Proms at St Jude’s – Evelyne Berezovsky

Beethoven
Piano Sonata No.18 in E flat, Op.31/3
Schumann
Piano Sonata No.2 in G minor, Op.22
Medtner
Sonata Reminiscenza, Op.38/1

Evelyne Berezovsky (piano)


Reviewed by: Kenneth Carter

Reviewed: 21 June, 2008
Venue: St Jude-on-the-Hill, Hampstead Garden Suburb, London

Evelyne Berezovsky, daughter of (pianist) Boris, was born in 1991. She combines a blossoming professional career with continuing her studies at the Purcell School. She plays most expertly, brings spirited energy to the task, and writes her own programme notes.

In this lunchtime recital, Beethoven’s sonata sped past at hurtling speed, resembling the hustle and blur of an express train dashing past an awaiting traveller on a railway platform, with no time for anything other than velocity. I didn’t recognise the sonata’s first movement until, at home, I played Paul Badura-Skoda’s performance (and he’s no slouch). The difference, however, was manifest. Badura-Skoda’s playing has light and shade, and time for pointed phrasing. I heard a musical discussion in which different opinions were voiced. From Berezovsky the remaining three movements all speeded: the scherzo, the minuet and the rousing finale (a gallop, in effect, with hunting-horn imitations). How do you pace these movements to distinguish between speed and pace, between agitation of nerves as against pulse? This demands experience. Berezovsky is yet young.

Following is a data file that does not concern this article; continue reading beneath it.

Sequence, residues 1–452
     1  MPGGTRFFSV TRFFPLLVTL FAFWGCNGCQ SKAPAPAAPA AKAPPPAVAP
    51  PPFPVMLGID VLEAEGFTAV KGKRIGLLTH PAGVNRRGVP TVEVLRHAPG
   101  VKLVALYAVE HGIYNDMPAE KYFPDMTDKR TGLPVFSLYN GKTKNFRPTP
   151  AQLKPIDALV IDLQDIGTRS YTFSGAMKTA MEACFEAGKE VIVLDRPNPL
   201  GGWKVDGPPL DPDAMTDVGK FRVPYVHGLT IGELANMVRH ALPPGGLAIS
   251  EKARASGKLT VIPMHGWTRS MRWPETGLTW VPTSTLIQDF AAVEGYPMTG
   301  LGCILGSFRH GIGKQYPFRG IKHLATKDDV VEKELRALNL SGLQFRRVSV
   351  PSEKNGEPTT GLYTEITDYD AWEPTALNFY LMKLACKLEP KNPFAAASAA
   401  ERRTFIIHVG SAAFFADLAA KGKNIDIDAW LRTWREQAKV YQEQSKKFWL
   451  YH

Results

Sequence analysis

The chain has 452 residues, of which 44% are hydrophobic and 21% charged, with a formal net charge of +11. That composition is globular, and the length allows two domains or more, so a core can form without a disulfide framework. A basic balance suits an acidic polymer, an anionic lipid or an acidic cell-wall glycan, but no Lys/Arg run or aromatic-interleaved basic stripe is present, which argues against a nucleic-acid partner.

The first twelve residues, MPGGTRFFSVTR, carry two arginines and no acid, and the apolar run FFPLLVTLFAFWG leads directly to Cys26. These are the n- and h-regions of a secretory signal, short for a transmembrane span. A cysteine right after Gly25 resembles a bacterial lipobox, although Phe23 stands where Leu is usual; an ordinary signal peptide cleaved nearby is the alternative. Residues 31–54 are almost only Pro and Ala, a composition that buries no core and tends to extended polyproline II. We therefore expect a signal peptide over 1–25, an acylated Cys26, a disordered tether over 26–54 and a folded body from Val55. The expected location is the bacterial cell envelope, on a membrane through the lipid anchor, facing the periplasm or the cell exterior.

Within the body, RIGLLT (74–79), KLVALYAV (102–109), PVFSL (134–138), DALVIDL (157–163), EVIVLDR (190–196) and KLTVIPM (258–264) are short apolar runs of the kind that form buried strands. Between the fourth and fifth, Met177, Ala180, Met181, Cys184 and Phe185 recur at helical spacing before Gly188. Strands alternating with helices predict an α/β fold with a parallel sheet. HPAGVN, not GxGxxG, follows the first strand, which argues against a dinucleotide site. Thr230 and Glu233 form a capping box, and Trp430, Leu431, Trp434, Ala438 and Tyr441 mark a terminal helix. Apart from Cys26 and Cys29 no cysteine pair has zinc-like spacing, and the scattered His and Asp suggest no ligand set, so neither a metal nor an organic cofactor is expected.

The Schumann received similar treatment. A sense of strain was apparent, and a lack of shape; it made for uneasy listening. Speed is demanded – commanded, indeed: “As fast as you can” is followed by “Faster still”, Florestan driving the music forward, intently manic – Schumann in combative mood. Berezovsky relaxed a little for Eusebius’s brief Andantino, but this moment of repose passed all too soon.

Medtner’s one-movement Sonata fared so much better. This was Berezovsky’s home-ground. She treated the romantic turbulence with a more relaxed demeanour, though no loss of urgency. She found pace rather than speed – and, as a result, the restlessness gripped and made musical sense. Her lyrical passages were tender and most affecting, decisive yet gentle.

The lyrical encore – a miniature from Scriabin – had the same quality. This was ‘home’.

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